Before the Battle of Gettysburg, the fight to force the Confederacy back into the Union was not going particularly well. “From many points of view, Gettysburg and Vicksburg were among the most important Union victories in more than two years of war. Strangely, they coincided with a violent outburst of disloyalty (Disloyalty in time of war? How strange!—my addition) in the North. From the beginning of the conflict, Lincoln had resorted to measures that many Northerners opposed. (Sound familiar?—my addition) His suspension of the writ of habeas corpus enabled him to hold critics of the government in prison indefinitely. The Emancipation Proclamation had angered many who were willing to fight for the Union but not for the abolition of slavery. (Sound familiar? How many today are not will to fight for a people in another country who had been held in slavery by a murderous dictator for years?—my addition) The military draft, which bore hard on men too poor to pay for substitutes, stirred thousands to the brink of revolt (Revolt during war?—my addition). Many others were simply weary of a war to which they could see no end. They wanted peace at almost any price.

The Peace Democrats (Sound familiar? I guess Democrats will be Democrats in any era.—my addition), often called Copperheads, did not support the Lincoln Administration or the war (Sound familiar?—my addition).” (Gallagher, Gary. "American Civil War." Microsoft ® Encarta ® 2007 [DVD]. Redmond, Wa: Microsoft, Corporation, 2006.)

“Many others were simply weary of a war to which they could see no end. They wanted peace at almost any price.” Sound familiar? If it wasn’t written specifically about our own Civil War, it could almost be a direct quote about the War in Iraq. After two years of war, some people had decided that the war would not end and it was time to allow the Confederacy to withdraw from the Union. They didn’t care enough to keep the nation together! If peace meant the end of the Union, so be it. The end of the fighting was more important than the country as a whole. Peace at any price is not a new concept. If the people who were demanding an immediate end to the Civil War had gotten their way, we may have been two divided countries even to this day.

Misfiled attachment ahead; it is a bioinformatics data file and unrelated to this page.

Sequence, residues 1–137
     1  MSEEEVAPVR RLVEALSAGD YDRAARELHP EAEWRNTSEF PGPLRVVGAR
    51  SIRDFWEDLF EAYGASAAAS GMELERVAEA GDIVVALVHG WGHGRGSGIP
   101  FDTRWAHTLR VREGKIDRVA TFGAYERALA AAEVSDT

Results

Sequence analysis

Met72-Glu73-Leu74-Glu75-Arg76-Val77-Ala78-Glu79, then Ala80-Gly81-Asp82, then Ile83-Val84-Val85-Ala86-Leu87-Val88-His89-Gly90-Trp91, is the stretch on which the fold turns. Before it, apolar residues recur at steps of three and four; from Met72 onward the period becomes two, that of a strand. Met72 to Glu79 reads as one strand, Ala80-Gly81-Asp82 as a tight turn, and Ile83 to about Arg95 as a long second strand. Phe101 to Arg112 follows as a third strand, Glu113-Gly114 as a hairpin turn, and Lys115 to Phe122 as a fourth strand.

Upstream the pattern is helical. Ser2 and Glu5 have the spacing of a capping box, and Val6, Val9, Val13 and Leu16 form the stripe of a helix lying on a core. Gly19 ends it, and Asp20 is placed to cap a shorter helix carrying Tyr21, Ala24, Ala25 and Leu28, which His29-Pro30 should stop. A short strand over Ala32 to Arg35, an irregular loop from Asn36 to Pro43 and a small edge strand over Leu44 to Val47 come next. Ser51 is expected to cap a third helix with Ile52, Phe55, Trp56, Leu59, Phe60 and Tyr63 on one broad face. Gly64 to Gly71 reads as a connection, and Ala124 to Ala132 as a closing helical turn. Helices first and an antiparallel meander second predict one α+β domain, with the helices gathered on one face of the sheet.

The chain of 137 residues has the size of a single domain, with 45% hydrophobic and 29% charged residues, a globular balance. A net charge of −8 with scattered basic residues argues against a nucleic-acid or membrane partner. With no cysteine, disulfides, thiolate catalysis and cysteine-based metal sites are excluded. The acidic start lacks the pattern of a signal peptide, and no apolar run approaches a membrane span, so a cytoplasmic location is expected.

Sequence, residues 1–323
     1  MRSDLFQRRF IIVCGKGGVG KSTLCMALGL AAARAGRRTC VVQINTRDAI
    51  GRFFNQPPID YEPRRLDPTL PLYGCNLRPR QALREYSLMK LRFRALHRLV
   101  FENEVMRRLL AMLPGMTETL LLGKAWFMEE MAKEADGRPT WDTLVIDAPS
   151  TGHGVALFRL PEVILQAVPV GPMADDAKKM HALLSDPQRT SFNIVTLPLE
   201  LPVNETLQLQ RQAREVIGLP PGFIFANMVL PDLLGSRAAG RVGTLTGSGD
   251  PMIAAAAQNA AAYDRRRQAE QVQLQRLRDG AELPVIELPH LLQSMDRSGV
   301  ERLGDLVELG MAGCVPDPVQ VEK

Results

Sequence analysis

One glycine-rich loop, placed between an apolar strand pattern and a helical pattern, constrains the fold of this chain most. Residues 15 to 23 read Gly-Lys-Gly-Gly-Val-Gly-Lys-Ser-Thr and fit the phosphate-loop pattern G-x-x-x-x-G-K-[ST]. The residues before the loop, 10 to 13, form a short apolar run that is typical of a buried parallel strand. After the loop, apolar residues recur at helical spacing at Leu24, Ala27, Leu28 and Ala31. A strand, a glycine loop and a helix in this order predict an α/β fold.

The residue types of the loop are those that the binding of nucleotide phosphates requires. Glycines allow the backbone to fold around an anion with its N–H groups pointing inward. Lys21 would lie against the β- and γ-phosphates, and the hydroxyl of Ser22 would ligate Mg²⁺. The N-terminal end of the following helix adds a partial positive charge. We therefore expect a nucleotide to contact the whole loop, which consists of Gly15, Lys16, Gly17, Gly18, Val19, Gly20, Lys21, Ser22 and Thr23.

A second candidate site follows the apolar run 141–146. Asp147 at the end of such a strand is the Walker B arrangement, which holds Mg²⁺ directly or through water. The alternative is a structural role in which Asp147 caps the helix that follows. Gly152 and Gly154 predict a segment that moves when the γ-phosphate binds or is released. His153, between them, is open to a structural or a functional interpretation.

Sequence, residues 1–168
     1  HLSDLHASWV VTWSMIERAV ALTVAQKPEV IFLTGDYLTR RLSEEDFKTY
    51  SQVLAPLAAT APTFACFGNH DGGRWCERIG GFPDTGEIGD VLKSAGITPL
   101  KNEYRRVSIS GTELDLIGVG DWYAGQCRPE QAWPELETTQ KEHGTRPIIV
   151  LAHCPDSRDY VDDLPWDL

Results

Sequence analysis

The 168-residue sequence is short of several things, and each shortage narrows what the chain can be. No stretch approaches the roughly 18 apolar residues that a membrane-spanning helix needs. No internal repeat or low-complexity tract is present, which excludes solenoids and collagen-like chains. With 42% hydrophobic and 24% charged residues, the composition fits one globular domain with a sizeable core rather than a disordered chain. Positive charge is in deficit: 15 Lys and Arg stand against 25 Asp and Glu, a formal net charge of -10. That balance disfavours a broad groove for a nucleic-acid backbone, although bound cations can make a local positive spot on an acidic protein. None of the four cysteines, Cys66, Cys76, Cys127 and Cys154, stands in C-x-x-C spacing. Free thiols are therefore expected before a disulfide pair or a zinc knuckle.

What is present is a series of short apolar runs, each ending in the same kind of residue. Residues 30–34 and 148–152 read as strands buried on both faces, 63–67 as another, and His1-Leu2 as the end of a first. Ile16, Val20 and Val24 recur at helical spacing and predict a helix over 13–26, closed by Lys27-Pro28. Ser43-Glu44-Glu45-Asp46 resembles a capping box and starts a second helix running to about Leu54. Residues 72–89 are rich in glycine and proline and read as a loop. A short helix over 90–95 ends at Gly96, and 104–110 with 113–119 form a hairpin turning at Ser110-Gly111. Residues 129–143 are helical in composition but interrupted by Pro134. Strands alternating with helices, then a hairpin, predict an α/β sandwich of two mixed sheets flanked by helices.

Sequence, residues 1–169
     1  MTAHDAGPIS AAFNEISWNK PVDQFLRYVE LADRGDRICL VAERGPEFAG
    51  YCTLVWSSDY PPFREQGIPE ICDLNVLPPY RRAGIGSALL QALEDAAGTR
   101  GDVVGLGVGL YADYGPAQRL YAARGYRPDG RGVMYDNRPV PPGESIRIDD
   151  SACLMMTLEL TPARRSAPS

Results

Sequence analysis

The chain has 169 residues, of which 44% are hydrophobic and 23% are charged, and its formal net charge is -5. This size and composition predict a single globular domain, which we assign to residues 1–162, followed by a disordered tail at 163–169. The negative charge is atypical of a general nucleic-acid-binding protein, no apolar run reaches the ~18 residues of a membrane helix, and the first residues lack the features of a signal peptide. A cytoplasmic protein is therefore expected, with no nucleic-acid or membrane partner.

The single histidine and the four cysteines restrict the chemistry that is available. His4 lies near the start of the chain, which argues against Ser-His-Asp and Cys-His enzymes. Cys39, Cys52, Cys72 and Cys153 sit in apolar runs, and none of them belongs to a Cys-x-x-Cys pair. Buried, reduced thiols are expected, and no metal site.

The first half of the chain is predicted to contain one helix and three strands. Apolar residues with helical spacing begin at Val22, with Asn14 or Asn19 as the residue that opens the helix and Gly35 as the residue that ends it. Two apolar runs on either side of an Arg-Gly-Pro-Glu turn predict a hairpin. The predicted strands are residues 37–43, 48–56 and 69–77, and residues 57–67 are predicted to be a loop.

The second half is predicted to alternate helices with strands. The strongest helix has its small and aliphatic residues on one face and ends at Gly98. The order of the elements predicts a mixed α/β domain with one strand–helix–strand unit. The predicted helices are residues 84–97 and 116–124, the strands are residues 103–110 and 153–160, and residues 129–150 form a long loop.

Therefore, it shouldn’t be surprising that people today are willing to sacrifice the newly established democracy of Iraq for a perceived end of the fighting. Would the people who are demanding our retreat today be the same ones demanding an end to the Civil War before the Battle of Gettysburg if they lived in that era? The Union Army did eventually turn the tide and the country was reunited. Those who died at Gettysburg did not die in vain.

If we retreat from Iraq now, will those brave Americans who have died in Iraq have died in vain because of those who are demanding peace at any price today? Are they willing to sacrifice the lives of our troops and the newly established democracy of Iraq for temporary peace just as some wanted to sacrifice the Union for peace during the Civil War? What will the consequences of such a retreat be for Iraq and for our own country? Demand to have the answers before such a drastic action is taken. As far as I know, none of these people have addressed the question of what will be the results of a withdrawal from Iraq other than we will no longer be involved in the fighting.

But then, their attitude seems to be “What is that to us?”